Myth No. 4: Pregnant women or those trying to get pregnant should avoid caffeine
Reality: I don’t know — it seemed natural for me to avoid caffeine both times I was pregnant, but a study conducted at State University of New York and another study published in the journal Epidemiology looked at the effects of caffeine-containing beverages on reproductive factors, and the results suggests that moderate caffeine consumption is safe. However, one study found that women who consumed the caffeine equivalent of five or more cups of coffee per day were more than twice as likely to miscarry as those who consumed less caffeine or no caffeine at all, suggesting that “drinking very large amounts of coffee or other caffeine-containing beverages may increase a pregnant woman’s miscarriage risk,” said Mark Klebanoff, M.D., Director of NICHD’s Division of Epidemiology, Statistics, and Prevention Research. “However, serum levels of paraxanthine that are usually seen among women consuming only about two or three cups of coffee a day do not appear to increase this risk.”
Questions remain about the effects of high doses of caffeine and it is wise for pregnant women to practice moderation (less than 200mg per day). The Food and Drug Administration’s advice? “Pregnant women should avoid caffeine-containing foods and drugs, if possible, or consume them only sparingly.”
Myth No. 5: Caffeine is bad for kids
Reality: Ack — The Journal of Pediatrics published a survey showing that in the U.S., 5- to 7-year-old children drank approximately 52 mg of caffeine daily and 8- to 12-year-old children drank 109 mg daily. In general, kids have the same ability to process caffeine that adults do. A study by A. Leviton published in Clinical Pediatrics suggests that caffeine-containing drinks and foods — consumed in moderation — have no detectable effects on hyperactivity or attention span of children. However, in sensitive children, higher doses of caffeine, may cause temporary effects such as excitability, irritability, reduced sleep, or anxiety.
But really, in my opinion, kids have their entire lives to be (non-) addicted to caffeine. Even if studies do suggest that up to 300mg of caffeine daily is safe for kids, the vehicles by which they are consuming it (sodas and energy drinks) are undeniably unhealthy.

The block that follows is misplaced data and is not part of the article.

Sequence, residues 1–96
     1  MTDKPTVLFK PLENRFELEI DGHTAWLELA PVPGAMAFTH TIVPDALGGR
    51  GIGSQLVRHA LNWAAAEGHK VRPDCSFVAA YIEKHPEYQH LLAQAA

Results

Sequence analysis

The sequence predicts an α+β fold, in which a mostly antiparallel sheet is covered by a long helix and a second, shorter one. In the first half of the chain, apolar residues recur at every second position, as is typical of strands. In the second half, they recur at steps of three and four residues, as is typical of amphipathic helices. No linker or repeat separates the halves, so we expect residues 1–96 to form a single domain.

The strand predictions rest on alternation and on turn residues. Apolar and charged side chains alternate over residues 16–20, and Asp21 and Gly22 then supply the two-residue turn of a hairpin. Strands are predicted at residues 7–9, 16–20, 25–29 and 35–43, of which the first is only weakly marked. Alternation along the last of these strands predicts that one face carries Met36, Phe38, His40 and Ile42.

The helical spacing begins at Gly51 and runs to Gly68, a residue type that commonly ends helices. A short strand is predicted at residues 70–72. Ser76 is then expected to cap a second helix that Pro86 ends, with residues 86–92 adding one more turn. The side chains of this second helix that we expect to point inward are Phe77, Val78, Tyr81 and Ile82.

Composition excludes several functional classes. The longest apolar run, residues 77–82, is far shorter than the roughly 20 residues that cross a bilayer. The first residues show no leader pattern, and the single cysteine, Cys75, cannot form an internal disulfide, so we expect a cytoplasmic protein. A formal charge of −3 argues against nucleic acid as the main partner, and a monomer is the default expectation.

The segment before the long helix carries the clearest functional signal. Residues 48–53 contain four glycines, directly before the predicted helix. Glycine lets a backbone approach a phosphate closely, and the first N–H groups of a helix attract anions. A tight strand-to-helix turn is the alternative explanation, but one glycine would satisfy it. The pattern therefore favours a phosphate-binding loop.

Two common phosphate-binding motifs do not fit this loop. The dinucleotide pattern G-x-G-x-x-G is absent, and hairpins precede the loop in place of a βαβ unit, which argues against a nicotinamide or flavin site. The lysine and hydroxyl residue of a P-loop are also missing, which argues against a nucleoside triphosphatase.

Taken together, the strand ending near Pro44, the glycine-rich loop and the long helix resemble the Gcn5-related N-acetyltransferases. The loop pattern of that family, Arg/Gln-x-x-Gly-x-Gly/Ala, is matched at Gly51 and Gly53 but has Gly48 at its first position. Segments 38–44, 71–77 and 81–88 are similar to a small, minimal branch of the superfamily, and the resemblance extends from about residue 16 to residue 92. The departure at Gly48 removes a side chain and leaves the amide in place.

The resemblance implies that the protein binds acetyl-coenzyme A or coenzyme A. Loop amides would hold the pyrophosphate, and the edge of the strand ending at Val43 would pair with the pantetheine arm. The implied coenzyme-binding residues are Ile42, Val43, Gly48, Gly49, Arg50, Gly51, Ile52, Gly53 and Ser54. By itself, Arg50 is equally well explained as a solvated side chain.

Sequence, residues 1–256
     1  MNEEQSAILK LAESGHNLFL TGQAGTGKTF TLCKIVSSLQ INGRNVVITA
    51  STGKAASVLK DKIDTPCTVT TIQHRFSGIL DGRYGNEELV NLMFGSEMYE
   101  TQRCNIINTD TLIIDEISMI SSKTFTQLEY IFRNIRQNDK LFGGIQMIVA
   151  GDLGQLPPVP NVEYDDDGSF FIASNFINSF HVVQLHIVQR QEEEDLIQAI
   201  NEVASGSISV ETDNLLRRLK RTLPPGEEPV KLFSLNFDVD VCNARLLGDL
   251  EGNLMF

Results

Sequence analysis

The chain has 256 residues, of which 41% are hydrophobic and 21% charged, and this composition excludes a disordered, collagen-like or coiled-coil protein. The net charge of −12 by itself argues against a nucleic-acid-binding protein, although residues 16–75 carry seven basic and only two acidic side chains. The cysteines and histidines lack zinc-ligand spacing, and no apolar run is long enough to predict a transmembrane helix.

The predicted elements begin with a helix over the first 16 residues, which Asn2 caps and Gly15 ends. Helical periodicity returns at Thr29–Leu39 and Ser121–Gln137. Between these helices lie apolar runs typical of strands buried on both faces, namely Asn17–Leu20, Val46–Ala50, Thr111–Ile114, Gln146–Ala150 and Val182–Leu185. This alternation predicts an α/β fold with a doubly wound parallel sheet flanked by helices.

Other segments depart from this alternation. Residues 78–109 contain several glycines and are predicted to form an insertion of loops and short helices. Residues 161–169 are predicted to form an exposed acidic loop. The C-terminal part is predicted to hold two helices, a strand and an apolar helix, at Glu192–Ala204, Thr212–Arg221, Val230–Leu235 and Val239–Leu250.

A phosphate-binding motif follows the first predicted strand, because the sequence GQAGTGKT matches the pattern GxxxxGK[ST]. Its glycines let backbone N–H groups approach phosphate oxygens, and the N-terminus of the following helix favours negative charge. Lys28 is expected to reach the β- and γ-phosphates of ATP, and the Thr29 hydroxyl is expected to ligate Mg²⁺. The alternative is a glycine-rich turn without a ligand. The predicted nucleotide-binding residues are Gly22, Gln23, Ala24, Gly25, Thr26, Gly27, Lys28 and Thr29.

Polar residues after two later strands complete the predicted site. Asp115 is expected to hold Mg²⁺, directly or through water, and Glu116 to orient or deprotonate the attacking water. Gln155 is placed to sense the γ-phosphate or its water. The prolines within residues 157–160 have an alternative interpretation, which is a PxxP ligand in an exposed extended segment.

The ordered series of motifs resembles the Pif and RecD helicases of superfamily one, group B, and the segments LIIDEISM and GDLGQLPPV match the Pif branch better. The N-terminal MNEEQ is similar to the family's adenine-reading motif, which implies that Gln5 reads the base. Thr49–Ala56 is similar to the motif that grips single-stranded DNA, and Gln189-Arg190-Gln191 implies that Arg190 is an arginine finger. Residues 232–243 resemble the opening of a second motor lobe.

A Holistic Book on Pediatrics mentioned that a small amount of caffeine in children with ADD is better than the drug Ritalin (Connie Dello Buono ).
Myth No. 6: Caffeine can knock out the alcohol
Reality: Such a cliche — a cup of coffee will erase the martini before, wine with, and the cognac after dinner. What research actually suggests is that people only think caffeine will help them sober up. Alcohol can be very clever that way. People who drink caffeine along with alcohol think they’re fine behind the wheel, when actually reaction time and judgment are still impaired. In fact, college kids who drink both alcohol and caffeine are actually more likely to have car accidents. According to Thomas Gould, PhD, of Temple University, ”The myth about coffee’s sobering powers is particularly important to debunk because the co-use of caffeine and alcohol could actually lead to poor decisions with disastrous outcomes.”

Myth No. 7: Caffeine has no health benefits
Reality: I can tell you right now, based on personal experience, that caffeine improves alertness, concentration, energy, clear-headedness, and feelings of sociability. Brain-fog be gone! Scientific research at John Hopkins School of Medicine in Baltimore and Harvard support these subjective experiences — and have shown that caffeine may also improve memory and logical reasoning. A French study showed a slower decline in cognitive ability among women who consumed caffeine: “Caffeine is a psychostimulant which appears to reduce cognitive decline in women,” said study author Karen Ritchie, PhD, of INSERM, the French National Institute for Health and Medical Research, in Montpellier, France.
Caffeine-containing beverages have been in the headlines lately for their high level of antioxidants, which appear to promote heart health and cancer prevention. Other recent reports suggest (although not yet conclusively) that caffeine may be useful in treating allergic reactions due to its ability to reduce the concentration of histamines, the substances that cause the body to respond to an allergy-causing substance. More research is need in this area before conclusions can be drawn however. Limited evidence suggests caffeine may also reduce the risk of the following: Parkinson’s disease, liver disease, colorectal cancer, and type 2 diabetes.